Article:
Four astronauts left the International Space Station on Saturday aboard a SpaceX vessel, after more than 160 days in space which will culminate in a splash landing off the Florida coast.
The Crew Dragon capsule undocked from the ISS as scheduled at 8:35 pm (0035 Sunday GMT). With the flight back to Earth expected to take six-and-a-half hours, the crew was scheduled to splash down in the dark off Panama City, Florida, in the Gulf of Mexico at 2:57 am (0657 GMT).
“Dragon separation visually confirmed,” a NASA commentator said after two sets of six hooks tying the capsule to the ISS retracted.
The capsule then fired a series of short bursts with its thrusters to gently ease away from the ISS.
NASA livestream footage showed the Crew Dragon capsule moving off into the dark as it began its journey back to Earth, its rear engines lighting up in small flashes.
Seven astronauts remained on the ISS including a new crew of four who arrived on a different SpaceX craft last week.
“Thanks for your hospitality,” Michael Hopkins, one of the departing US astronauts, said as the capsule moved away. “We’ll see you back on Earth.”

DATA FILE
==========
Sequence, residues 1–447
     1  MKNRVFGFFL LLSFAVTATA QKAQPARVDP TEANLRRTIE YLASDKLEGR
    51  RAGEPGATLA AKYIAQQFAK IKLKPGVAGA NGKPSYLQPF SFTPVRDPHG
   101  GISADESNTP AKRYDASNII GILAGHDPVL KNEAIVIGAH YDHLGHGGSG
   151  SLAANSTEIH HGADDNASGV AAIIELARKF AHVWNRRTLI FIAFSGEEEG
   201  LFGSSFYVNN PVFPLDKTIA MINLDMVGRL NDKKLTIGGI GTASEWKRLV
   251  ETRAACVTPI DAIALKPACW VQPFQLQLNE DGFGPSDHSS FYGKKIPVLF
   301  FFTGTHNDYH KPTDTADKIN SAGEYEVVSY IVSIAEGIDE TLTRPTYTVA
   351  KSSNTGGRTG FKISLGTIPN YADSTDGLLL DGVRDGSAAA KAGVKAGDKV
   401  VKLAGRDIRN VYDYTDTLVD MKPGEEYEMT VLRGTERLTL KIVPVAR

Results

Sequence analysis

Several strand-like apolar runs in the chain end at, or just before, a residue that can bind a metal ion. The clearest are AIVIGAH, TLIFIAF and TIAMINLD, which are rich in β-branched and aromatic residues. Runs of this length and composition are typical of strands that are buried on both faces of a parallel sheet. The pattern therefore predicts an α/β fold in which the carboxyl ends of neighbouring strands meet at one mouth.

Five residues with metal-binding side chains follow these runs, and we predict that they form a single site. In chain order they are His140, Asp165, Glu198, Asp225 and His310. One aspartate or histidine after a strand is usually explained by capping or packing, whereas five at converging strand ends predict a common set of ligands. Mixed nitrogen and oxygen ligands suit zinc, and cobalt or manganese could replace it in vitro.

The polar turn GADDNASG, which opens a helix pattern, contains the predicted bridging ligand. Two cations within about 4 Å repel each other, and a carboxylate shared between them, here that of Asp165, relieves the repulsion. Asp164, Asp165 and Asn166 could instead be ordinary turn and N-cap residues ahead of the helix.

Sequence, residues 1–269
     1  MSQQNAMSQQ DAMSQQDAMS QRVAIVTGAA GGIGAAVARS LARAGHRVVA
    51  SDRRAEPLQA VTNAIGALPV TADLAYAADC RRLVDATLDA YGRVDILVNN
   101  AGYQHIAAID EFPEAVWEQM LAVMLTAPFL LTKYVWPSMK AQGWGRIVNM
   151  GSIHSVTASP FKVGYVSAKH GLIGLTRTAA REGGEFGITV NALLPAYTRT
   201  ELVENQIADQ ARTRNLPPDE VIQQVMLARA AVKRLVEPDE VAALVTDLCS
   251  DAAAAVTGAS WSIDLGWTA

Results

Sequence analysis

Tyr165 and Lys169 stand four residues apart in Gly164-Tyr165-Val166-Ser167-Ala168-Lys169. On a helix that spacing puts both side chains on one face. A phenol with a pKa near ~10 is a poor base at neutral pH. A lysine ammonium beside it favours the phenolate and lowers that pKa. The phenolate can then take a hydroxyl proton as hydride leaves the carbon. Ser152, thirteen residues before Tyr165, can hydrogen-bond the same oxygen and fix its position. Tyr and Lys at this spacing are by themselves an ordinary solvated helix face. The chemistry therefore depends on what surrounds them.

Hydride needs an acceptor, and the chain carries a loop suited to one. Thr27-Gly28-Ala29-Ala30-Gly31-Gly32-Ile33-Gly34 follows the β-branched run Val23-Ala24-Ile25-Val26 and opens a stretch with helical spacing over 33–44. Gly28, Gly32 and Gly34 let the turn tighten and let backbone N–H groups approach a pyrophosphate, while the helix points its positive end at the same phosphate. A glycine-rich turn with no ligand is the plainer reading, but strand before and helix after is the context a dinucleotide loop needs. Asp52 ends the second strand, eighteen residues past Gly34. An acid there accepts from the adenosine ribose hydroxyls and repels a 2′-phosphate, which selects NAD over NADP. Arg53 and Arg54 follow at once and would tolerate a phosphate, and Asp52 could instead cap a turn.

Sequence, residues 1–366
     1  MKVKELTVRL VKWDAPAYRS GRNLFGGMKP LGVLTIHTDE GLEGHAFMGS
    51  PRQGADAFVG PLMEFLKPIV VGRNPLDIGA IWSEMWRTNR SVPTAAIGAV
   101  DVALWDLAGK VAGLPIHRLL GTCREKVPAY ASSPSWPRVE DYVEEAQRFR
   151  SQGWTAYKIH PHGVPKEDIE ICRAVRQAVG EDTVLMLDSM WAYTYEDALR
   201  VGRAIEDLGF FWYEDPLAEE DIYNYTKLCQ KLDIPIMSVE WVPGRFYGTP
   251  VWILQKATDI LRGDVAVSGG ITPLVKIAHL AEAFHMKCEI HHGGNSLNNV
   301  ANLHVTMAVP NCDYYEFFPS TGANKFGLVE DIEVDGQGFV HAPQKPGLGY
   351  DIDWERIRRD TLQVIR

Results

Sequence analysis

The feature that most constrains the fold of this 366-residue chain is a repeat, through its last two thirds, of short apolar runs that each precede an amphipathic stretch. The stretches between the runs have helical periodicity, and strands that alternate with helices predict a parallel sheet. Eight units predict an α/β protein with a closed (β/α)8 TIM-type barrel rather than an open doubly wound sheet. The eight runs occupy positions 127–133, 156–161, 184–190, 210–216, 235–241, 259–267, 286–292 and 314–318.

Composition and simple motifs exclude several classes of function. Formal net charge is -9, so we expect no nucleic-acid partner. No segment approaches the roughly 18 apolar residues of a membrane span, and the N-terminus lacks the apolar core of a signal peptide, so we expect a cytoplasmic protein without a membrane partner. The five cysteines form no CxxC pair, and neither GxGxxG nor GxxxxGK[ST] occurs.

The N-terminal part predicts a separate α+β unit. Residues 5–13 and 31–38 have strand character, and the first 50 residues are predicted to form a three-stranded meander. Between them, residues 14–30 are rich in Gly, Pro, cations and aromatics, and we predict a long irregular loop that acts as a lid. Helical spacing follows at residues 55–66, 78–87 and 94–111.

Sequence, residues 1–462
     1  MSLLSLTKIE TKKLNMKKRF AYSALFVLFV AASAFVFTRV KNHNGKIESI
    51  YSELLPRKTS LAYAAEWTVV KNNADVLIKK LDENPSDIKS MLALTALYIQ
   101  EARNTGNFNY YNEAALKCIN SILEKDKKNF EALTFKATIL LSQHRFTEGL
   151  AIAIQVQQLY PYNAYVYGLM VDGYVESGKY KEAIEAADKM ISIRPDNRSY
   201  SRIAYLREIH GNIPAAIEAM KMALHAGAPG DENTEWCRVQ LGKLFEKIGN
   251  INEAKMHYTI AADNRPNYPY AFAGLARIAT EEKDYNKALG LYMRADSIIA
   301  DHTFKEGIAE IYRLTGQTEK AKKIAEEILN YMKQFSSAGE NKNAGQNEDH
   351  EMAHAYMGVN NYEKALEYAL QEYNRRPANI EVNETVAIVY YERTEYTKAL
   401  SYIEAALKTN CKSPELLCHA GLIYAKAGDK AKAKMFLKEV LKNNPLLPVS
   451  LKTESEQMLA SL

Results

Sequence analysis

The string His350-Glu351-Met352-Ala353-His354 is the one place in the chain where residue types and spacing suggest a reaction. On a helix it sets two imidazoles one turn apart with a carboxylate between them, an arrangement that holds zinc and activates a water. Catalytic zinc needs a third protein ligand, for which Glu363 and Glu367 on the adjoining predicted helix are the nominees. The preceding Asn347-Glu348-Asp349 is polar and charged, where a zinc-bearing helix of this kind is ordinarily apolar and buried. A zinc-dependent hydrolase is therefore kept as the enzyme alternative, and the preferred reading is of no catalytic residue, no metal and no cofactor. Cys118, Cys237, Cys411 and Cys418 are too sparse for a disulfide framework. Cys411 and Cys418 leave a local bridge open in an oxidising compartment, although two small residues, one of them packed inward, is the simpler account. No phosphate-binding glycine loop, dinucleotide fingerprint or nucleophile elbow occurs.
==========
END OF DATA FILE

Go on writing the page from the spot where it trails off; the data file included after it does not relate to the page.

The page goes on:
NASA and SpaceX have alternative splash down sites ready, aside from Panama City, if need be.
“We have been practicing to recover the crews day or night,” Steve Stich, NASA’s Commercial Crew program manager, said shortly before the capsule’s departure.
“The ships have lots of lighting,” helped by “good moonlight,” he said, adding that weather conditions were excellent, with calm seas.
SpaceX boats are expected to reach the capsule about 10 minutes after splashdown.
Astronauts Hopkins, Victor Glover, Shannon Walker and Japan’s Soichi Noguchi went to space last November as the crew on the first fully operational mission to the ISS aboard a vehicle made by Elon Musk’s SpaceX, which has become NASA’s favored commercial transportation partner.
Prior to that, two American astronauts made a test mission to the ISS in May and stayed for two months.
That was the first launch to the ISS from US soil since the end of the Space Shuttle program in 2011. It was also the first crewed mission run by a private company, as opposed to NASA.
Until then US astronauts had caught rides to the ISS aboard Russian spacecraft.
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